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New class schedule approved for fall

New class schedule approved for fall

Beginning next fall, Grinnellians can expect a change in their course meeting times.

Faculty, with the input of students and staff, voted to change the class timetable to have afternoon classes begin at 1 p.m. and end by 3:50 p.m. as well as to allocate four ‘community hours,’ when no classes will meet.

The current schedule has only been in place since the fall semester of 2012 and was meant to be a two-year trial period, though it was renewed for this school year. Associate Dean and Professor Maria Tapias, Anthropology, credits Jason Maher, the College’s new registrar, as a key pioneer in these changes.

“Our new registrar, Jason, really provided a fresh pair of eyes that we welcomed,” Tapias said. “When you’ve been doing things a certain way you say, ‘I don’t know what other possibilities there are.’”

A primary goal for Maher was to provide more options and possibilities to the schedules, which had been frequently requested by the College’s faculty.

“There was a faculty class block survey that happened April-May of 2014 and we learned a lot from that. It was actually a fairly well-returned survey,” Maher said. “People wanted the old [11 a.m.] convocation time back. It was clear that there was a request for more community time on campus, for more class blocks, for more diversity in the schedule, more, more, more was kind of the message we got.”

Schedule ChangesIn addition to Maher’s new perspective, Tapias and representative to the Curriculum Committee from the Science Division Joanna Silverman ’15 noted the nostalgia for the previous schedule, which was in effect from 1983 to 2012, regarding how convocation was scheduled. Before fall 2012, convocation took place at 11 a.m. and ran until 1 p.m., but since then convocation has been shortened to one hour of time on Wednesdays. Silverman noted the desire for an opportunity to increase audience participation during convocation.

“One area that we talked about in Curriculum Committee was the fact that whenever we have an event or whenever we have a convo speaker, it will take up 95 percent of that [one hour] slot and any area or potential for discussion on that topic is lost because people either have to leave earlier or jet off to class, so you essentially lose that sense of community,” Silverman said.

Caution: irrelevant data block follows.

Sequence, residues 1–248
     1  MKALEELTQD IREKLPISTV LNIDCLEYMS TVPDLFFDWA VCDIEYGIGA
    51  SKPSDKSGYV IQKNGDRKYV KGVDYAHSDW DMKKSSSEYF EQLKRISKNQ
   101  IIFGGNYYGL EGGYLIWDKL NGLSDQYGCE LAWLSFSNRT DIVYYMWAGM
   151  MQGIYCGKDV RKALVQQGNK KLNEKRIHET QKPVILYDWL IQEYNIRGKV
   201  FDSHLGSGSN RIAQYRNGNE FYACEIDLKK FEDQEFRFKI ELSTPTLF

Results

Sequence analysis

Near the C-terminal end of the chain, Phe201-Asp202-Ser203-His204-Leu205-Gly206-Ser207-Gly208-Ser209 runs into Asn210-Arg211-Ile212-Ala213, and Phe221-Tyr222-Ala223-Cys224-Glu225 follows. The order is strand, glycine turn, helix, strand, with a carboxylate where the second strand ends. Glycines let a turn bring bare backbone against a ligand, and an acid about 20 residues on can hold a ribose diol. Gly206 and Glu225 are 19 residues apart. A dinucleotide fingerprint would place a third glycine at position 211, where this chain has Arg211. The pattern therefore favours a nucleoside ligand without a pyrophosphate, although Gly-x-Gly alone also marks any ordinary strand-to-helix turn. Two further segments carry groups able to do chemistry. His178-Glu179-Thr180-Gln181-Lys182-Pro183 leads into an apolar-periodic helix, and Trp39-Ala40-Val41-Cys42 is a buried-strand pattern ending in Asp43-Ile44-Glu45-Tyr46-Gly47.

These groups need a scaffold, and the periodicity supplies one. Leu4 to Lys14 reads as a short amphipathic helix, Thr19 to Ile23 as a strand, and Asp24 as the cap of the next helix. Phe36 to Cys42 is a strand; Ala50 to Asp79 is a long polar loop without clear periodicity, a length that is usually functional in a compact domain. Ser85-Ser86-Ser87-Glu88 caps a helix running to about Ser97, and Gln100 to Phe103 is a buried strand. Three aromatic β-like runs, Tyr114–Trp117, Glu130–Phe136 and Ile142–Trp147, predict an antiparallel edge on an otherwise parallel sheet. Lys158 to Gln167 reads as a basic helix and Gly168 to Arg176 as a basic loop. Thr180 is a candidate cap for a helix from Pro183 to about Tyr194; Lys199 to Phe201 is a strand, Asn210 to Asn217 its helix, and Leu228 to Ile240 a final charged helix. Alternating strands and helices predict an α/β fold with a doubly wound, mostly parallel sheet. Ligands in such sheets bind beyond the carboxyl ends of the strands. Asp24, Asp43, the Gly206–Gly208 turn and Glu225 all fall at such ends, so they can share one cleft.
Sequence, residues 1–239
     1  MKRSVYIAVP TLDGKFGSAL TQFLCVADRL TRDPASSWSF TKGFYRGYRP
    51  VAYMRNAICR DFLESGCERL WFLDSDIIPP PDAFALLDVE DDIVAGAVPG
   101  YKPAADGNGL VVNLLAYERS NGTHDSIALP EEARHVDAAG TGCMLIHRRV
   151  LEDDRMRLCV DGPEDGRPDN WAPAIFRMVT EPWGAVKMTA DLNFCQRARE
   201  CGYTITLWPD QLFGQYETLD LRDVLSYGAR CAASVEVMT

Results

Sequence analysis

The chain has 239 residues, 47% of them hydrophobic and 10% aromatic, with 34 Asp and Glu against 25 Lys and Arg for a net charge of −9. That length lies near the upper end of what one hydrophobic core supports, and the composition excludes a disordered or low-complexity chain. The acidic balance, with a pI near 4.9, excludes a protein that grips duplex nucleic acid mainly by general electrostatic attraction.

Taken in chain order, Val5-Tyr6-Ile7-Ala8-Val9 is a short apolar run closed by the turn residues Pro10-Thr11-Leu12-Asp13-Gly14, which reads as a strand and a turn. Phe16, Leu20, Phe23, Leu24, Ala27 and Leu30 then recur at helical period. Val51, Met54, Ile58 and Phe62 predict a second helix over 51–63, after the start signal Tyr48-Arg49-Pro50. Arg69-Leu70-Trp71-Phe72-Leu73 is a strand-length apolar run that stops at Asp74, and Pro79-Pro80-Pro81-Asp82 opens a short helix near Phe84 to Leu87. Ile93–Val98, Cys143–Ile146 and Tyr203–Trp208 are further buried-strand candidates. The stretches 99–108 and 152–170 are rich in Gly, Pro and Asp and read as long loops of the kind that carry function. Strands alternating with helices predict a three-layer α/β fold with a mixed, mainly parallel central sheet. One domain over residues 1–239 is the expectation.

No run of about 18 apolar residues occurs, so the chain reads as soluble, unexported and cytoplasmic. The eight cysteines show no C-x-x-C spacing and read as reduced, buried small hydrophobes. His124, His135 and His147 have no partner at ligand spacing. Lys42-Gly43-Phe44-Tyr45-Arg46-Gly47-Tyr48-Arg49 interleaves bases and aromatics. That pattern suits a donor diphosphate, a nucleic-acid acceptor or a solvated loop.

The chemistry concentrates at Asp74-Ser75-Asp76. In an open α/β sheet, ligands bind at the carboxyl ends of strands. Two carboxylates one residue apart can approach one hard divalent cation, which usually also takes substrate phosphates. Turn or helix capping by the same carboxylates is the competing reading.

Silverman noted that when convocation took place at 11 a.m. in her first year, there seemed to be more people in attendance and more people who stayed until the end of the event. Tapias noted that this addition of community hours is not just for convocation. Her hope is that the new time will open up opportunities for different types of campus-wide events.

“When we starting thinking about it, [we thought] ‘Okay, what are some of the possibilities for this community time?’ One of the things we started talking about wanting to have is a bigger scale, undergraduate symposium for research … a research week, so to speak,” Tapias said. “Another possibility would be to think about maybe some sort of advising week or some sort of second- or third-year retreat or something like that.”

However, there are no definite plans for this time slot and Tapias suspects the Dean will assign a task force to brainstorm different ways to utilize this new time.

Another key change made to the schedule was to afternoon classes. The change to have classes start at 1 p.m. was primarily to standardize class times and utilize classroom spaces.

“By creating these standard start times, [classes are] not so staggered out and we’re taking rooms offline and that helps with student conflicts too when you’re trying to build your schedule,” Maher said.

Ending classes at 3:50 p.m. would also allow student athletes more time to make it to practice and faculty enough time to hold meetings without running past time. Maher and Tapias added that often faculty members need to pick up their children from daycare by 5 p.m. Tapias also pointed to the fact that they would have to be compensated for any time they stay after 5 p.m.

A change that was not approved into the new timetable was a 12 p.m. to 1:50 p.m. that could take place on a combination of days on Monday, Wednesday and Friday.

“Mostly I focused on this 12 to 1:50 time slot that was a big area of controversy, mostly because there is the potential for students to run straight through the middle of the day, lunch hour, nonstop. So on the students’ behalf, basically my area of concern, it was an overwhelming negative,” Silverman said. “That wasn’t actually [a] uniform response, though, in some of the other divisions. It was kind of a mixed review.”

Overall, the changes to the timetable are meant to offer more possibilities to faculty and students, both in terms of courses and events, as well as to address areas of concerns from different groups. This new timetable, unlike the current one, will not have a trial run and will be in effect until a new schedule is proposed.

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